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Supreme Court Appeal hearing on COVID-19 Business Interruption Insurance

Posted on 8 December 2020

The final stage in the FCA Test Case proceedings has culminated in an appeal, which was heard by the Supreme Court from 16 to 19 November 2020. The Supreme Court's judgment is expected to have major ramifications for thousands of businesses, including those within the Real Estate sector. The Supreme Court's judgment cannot be appealed, so it will bring finality for Real Estate businesses, who will be able to ascertain whether, in principle, they can claim from their property insurers for business interruption losses resulting from the COVID-19 pandemic. Mishcon's Insurance Disputes team participated in both the High Court hearing and the Supreme Court appeal hearing.

The Test Case was issued just months ago in June, in circumstances where insurers across the board had denied cover for COVID-19 business interruption losses. The High Court hearing took place in July 2020, and judgment was delivered just weeks later in September 2020. As a result of the High Court's judgment, it was evident that many policyholders would be entitled to payments in principle from insurers for COVID-19 business interruption losses where policies contained specific non-damage extensions to cover, e.g., for notifiable disease, or for denial/prevention of access which resulted in an interruption of or interference with the insured business. Given the prominence of the case, as expected, various parts of the High Court's judgment were the subject of an expedited appeal to the Supreme Court.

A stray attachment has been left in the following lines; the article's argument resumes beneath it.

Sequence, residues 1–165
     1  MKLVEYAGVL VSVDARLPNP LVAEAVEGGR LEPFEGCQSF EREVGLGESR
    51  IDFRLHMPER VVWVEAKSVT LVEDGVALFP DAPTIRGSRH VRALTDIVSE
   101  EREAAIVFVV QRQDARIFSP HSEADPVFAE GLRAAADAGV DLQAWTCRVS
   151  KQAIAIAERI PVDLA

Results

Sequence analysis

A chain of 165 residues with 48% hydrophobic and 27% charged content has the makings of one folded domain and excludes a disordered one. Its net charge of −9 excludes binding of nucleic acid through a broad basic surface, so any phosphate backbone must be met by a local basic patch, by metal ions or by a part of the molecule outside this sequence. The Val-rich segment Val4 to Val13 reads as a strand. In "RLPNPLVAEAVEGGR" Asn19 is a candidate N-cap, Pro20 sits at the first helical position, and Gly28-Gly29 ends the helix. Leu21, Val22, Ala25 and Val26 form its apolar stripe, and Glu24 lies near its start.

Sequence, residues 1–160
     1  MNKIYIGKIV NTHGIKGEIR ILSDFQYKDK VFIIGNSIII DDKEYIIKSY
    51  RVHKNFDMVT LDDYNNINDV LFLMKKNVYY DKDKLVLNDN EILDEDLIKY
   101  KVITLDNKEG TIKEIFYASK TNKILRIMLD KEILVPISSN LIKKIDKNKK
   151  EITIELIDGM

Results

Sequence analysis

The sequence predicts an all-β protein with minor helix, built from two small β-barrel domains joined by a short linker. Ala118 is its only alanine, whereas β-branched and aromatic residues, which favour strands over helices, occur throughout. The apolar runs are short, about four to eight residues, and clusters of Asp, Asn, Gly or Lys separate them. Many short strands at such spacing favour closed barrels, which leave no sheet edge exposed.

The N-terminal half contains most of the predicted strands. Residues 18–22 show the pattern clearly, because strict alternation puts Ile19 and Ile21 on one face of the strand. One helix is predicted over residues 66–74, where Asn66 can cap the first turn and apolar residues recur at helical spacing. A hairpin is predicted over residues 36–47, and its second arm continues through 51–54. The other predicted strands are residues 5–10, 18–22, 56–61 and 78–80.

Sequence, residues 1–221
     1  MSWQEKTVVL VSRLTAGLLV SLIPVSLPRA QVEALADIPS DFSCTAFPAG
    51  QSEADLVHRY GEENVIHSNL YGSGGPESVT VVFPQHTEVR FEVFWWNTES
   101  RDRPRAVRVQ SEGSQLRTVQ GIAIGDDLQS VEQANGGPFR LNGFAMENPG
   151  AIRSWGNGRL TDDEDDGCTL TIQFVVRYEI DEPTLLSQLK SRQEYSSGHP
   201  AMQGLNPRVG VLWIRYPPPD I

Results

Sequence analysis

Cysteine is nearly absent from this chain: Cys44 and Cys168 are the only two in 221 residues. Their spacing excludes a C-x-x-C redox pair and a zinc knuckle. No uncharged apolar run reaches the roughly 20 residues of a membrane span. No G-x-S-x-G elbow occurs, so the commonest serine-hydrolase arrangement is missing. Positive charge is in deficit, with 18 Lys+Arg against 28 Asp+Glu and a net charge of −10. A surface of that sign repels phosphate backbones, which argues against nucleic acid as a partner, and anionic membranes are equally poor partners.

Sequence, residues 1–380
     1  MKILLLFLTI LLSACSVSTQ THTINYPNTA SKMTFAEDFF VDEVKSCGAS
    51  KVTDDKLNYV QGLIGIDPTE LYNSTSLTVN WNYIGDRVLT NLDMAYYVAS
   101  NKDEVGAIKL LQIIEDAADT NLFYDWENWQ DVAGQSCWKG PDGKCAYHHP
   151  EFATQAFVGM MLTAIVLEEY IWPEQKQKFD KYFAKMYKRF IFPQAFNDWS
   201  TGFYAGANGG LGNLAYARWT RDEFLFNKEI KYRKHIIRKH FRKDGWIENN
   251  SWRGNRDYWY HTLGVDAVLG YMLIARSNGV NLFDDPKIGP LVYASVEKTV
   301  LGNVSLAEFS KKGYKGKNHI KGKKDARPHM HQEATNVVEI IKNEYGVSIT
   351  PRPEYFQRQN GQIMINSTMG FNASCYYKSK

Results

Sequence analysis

Although Real Estate sector policies were not examined as part of the Test Case proceedings (the case was aimed at providing clarity for SME businesses), to the extent that the Supreme Court upholds the High Court's rulings in favour of policyholders with specific policy wordings, those rulings will in our view be equally applicable to Real Estate sector policies which provide coverage for loss of rent. Accordingly, when the Supreme Court delivers its judgment (which may be later this year or early next year) many property owners will have certainty as to whether they can now take positive steps against their insurers to claim for loss of rent arising from the pandemic. The sums recoverable for COVID-19 business interruption losses are likely to be capped by an aggregate limit or a fixed period of indemnity - but the sums that could be recovered by Real Estate sector policyholders are often substantial, in the tens of millions of pounds. Insurers are well aware that Real Estate sector policyholders are poised to take action depending on the Supreme Court's judgment.

Assuming many policyholders will have grounds to recover from their insurers following the Supreme Court's judgment, it remains to be seen whether insurers will then do the right thing and start to pay claims, or whether they will continue to raise defences to drag out and to delay making payments to policyholders.

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